California Paramedics Are Now Providing Preventive Health Care

California's Alameda County takes a more holistic approach to health care.

Once you've sat down with your doctor, discussed your ailments and received medical care, you're out the door -- usually with little interaction until your next visit. But what if your exchange didn't end there?

Paramedics in 12 communities in California are expanding their job descriptions under a pilot program aimed at better allocating emergency health care resources. The program, which began earlier this year, provides 30 days of follow-up care for anyone who has been discharged from participating hospitals. The hope is that these house calls can provide a safety net for individuals with chronic illness who use emergency services as primary care, while also easing the pressure on packed ERs. Thus far, paramedics in Alameda County, one of the test locations, have seen promising results.

Paramedic Mike DeWindt told HuffPost Live's Caroline Modarressy-Tehrani that the program's emphasis on preventative care is especially valuable.

"It gave me the opportunity to fix some of the problems that I've seen in the EMS system," DeWindt said. "[I used to go] to people's homes when they were at a real crisis situation, where they're literally gasping for breath. And instead of doing that, we could get to their homes 10 days prior to that and see if they're taking their medicine correctly, see if they've got dangers in in their home, see if there [are] things that we can correct so that they never get to a situation where they were very sick."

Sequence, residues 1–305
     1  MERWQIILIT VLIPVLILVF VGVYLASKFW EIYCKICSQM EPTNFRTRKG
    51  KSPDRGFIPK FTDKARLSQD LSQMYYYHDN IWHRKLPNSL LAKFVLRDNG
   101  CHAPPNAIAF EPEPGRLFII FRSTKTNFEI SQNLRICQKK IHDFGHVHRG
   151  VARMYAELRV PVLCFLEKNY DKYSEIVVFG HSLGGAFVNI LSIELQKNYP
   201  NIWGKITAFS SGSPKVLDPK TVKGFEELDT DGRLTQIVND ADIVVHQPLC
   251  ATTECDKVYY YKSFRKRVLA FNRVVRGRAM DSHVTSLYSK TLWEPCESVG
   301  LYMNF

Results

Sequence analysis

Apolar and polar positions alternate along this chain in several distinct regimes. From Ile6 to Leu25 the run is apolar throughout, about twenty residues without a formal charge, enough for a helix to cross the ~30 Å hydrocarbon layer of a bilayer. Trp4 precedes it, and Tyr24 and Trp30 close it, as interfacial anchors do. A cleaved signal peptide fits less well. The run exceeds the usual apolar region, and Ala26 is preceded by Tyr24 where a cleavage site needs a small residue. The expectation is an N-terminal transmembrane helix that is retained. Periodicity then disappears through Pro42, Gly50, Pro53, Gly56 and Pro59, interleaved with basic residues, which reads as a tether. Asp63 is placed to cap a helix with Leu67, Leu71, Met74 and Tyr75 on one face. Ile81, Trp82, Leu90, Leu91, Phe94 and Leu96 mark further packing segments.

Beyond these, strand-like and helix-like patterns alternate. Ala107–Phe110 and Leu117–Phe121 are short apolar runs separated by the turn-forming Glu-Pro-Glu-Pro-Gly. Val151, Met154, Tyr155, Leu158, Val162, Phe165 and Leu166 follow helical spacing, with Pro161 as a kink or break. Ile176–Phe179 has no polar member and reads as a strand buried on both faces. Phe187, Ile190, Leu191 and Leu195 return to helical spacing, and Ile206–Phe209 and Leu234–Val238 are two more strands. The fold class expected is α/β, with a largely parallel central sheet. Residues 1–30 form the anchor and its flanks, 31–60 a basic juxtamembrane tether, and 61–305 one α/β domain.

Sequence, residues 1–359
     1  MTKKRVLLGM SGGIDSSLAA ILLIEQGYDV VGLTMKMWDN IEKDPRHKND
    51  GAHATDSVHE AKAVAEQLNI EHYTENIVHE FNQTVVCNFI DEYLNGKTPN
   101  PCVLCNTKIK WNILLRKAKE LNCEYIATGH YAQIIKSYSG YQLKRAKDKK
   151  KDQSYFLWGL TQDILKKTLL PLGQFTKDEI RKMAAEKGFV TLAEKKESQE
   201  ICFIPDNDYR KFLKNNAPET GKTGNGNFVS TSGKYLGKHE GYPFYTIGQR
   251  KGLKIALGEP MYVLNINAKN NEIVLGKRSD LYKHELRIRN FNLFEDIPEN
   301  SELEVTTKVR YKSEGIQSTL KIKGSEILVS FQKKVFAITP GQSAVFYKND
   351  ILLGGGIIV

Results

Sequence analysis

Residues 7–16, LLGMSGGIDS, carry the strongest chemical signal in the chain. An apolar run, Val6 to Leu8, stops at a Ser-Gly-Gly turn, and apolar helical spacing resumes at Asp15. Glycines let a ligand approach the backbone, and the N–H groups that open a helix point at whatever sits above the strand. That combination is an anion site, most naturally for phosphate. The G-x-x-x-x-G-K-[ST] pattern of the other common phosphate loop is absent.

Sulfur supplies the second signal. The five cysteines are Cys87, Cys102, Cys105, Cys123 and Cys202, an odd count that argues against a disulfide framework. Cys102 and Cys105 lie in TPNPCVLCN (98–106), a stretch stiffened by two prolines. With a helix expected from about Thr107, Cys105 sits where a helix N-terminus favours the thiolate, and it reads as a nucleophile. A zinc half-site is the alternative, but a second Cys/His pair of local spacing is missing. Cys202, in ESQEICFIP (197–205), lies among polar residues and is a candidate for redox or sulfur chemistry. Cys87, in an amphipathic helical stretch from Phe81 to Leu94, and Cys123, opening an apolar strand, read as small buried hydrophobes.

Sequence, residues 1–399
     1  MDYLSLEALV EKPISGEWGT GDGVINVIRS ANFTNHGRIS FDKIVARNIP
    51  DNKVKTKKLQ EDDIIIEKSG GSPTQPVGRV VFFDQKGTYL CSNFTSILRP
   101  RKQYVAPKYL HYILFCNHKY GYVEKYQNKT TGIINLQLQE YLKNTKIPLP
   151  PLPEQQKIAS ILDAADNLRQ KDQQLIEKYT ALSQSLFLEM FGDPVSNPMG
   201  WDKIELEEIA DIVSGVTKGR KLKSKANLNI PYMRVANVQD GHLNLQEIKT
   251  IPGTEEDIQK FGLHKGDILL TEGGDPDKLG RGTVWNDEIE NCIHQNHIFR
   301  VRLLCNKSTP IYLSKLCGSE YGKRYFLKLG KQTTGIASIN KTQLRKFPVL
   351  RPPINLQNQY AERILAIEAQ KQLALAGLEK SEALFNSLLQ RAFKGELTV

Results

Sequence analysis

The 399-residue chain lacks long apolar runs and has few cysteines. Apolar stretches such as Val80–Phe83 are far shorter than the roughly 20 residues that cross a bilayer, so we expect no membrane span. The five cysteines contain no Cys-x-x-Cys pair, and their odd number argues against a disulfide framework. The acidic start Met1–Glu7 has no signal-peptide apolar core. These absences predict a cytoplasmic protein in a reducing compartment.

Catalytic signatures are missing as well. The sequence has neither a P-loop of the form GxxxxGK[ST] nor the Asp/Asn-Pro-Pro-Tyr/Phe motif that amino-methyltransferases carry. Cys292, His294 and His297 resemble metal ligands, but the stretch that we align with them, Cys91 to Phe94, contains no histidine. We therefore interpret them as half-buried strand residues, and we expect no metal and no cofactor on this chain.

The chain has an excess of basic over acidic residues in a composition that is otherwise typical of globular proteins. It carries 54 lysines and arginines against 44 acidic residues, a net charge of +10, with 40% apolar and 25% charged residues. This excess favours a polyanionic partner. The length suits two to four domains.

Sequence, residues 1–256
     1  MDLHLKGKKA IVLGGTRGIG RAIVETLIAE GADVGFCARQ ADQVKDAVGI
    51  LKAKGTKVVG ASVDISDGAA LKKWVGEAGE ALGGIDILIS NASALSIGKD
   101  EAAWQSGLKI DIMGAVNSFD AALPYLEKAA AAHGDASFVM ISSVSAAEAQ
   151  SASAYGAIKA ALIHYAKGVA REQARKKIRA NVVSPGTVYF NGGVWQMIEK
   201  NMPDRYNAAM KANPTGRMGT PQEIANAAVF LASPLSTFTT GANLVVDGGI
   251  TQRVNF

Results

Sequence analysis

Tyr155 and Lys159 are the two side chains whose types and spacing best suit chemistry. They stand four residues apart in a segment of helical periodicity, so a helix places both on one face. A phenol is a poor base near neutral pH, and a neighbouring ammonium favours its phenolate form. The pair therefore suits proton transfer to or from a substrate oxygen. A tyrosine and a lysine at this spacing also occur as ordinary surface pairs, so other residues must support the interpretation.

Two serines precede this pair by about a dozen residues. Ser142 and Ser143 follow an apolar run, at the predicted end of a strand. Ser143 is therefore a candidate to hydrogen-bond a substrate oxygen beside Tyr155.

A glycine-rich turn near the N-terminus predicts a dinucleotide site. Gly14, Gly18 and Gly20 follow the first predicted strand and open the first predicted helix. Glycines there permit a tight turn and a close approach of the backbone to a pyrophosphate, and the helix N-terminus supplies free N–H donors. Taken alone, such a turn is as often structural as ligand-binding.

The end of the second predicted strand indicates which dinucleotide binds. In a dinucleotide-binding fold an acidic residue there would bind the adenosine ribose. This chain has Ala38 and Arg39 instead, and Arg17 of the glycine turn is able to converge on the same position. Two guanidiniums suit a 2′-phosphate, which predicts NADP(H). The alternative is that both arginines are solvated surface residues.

Instead of merely transporting 911 callers to the emergency room, DeWindt and fellow paramedic Steve Lucero now make house calls from 7 a.m. to 5 p.m., tending to other pressing, but less time-sensitive needs. DeWindt says addressing those issues prevents crises down the road.

Supporters of the program have suggested that it could help reroute 911 callers from emergency rooms and free up costly resources, but nurses unions have opposed it because they worry paramedics may not have the qualifications to make those judgments.

Despite the controversy, the Alameda program appears to be running smoothly. Lucero said that many of their patients have "not had the need to call" 911 following routine visits from their team.

"They responded really well. We actually have a lot of clients who have not called 911 after the 30-day window," he said.

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